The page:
by Rob Taylor Jr., Courier Staff Writer
The Source Magazine billed him as “the greatest lyricist of all-time,” and, in the hip-hop world, you won’t find too many who would argue with that.
Rakim, the Long Island, N.Y., native, captivated the hip-hop world in two ways. He pioneered the use of compound rhyming by using words that have two or more syllables in one rhyme, which is evident in the legendary album “Paid in Full.” But Rakim also blessed the mic with lyrics of cognizant self-awareness, according to The Source, due to his roots with the Nation of Islam and involvement with the Five Percent Nation of Gods and Earths.
Rakim spoke at a Jan. 15 1 Hood Media event at the Andy Warhol Museum, where The God MC spoke to a crowd of more than 200 supporters.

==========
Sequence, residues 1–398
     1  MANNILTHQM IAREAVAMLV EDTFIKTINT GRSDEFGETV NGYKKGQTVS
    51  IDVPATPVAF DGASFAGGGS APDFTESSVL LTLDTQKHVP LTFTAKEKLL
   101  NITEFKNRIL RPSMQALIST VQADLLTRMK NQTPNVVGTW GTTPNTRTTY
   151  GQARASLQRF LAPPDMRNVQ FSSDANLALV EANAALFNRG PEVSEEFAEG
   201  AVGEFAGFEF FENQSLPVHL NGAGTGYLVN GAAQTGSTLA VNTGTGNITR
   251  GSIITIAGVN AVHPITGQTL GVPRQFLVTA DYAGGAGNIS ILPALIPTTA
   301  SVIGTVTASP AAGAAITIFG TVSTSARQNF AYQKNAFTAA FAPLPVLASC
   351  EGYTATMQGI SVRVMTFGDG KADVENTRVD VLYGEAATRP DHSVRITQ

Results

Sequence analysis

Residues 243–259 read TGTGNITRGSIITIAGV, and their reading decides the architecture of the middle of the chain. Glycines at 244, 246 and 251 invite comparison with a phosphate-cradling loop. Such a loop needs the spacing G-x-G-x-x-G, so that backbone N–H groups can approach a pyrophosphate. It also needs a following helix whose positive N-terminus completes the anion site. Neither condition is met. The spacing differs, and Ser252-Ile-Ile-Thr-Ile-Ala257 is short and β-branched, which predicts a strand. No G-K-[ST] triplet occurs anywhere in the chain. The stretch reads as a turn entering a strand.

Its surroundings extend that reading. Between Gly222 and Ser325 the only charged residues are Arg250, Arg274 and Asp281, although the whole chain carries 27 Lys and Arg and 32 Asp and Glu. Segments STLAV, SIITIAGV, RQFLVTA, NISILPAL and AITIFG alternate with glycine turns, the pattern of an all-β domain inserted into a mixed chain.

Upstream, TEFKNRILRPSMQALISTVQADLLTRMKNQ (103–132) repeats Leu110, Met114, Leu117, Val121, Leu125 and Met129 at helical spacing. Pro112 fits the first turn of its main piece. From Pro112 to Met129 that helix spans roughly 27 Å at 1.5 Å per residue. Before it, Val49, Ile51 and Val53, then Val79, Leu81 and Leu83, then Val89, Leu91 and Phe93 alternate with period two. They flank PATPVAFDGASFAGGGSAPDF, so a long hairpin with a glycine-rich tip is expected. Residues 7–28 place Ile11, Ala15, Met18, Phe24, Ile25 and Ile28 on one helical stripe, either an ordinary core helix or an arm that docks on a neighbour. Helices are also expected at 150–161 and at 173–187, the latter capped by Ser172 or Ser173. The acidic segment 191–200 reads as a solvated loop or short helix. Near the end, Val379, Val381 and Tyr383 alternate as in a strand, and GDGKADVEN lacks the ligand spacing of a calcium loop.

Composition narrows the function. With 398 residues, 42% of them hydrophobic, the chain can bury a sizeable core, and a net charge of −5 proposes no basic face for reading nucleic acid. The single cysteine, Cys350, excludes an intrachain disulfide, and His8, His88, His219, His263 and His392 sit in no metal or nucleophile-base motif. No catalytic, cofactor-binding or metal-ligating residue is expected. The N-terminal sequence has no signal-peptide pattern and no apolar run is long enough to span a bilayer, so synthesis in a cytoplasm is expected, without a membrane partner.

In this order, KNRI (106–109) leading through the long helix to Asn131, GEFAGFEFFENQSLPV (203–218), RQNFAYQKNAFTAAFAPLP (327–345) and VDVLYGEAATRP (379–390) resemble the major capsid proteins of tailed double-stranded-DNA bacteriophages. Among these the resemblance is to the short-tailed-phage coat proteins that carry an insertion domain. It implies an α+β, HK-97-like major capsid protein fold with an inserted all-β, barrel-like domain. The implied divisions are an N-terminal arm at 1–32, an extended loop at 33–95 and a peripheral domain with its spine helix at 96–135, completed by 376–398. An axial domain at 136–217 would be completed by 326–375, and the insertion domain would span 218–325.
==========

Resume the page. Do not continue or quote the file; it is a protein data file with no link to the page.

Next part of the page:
He told a story that most in the crowd had never heard—as a youngster, Rakim used to tell his father how nervous he would get before he played football games. Rakim said he would feel “butterflies.” His father’s response? “It’s not nervousness, it’s consciousness.”
And Rakim said he’s taken that food for thought and kept it with him his entire career. Whether it’s what he called the “hard part,” writing the rhymes, or what he called the “fun part,” performing onstage, the nerves were no longer a factor because it was Rakim consciously realizing the prime opportunities that were before him.
As most hip-hop fans know, Rakim’s career skyrocketed, with legendary singles “Eric B. Is President,” “Paid In Full,” “Follow the Leader,” “I Ain’t No Joke,” “My Melody,” and “Move The Crowd.”
At the event, Rakim signed copies of his new book, “Sweat The Technique: Revelations on Creativity From the Lyrical Genius.”
1 Hood Media’s Jasiri X told the New Pittsburgh Courier his prime takeaway from the event was how Rakim was “intentional about putting consciousness into the music, and how we have the opportunity as artists to do that today.”
(ABOUT THE TOP PHOTO: RAKIM, second from right, with Bakari Kitwana, Paradise Grey and Jasiri X, at 1 Hood Media’s event, “A Conversation with Rakim,” Jan. 15 at the Andy Warhol Museum. Photos by Courier photographer J.L. Martello)